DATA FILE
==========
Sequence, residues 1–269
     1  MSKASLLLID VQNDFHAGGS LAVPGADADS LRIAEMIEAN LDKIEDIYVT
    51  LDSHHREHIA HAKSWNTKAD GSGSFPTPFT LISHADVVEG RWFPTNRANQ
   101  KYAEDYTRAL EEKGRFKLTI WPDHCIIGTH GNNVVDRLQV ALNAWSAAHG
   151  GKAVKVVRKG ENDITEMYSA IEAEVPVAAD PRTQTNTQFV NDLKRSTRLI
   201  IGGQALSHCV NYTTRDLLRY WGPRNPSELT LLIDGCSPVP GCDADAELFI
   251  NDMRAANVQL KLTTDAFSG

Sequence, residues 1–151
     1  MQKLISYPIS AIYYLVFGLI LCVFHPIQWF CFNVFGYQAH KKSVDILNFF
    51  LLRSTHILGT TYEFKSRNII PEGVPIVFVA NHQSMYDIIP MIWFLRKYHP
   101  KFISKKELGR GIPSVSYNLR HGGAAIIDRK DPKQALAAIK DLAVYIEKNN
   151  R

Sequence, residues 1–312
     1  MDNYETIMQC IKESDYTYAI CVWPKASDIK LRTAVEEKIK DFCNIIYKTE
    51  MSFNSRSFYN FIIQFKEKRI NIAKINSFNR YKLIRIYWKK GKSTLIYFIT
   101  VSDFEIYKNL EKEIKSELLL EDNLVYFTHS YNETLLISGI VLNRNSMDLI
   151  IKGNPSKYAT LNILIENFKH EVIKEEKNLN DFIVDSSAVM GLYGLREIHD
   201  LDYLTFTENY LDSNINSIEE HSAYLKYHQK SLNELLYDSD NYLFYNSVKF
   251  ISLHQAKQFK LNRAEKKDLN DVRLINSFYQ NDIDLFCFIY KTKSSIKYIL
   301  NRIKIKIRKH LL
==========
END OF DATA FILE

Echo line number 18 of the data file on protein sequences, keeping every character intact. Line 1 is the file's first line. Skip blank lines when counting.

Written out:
   201  LDYLTFTENY LDSNINSIEE HSAYLKYHQK SLNELLYDSD NYLFYNSVKF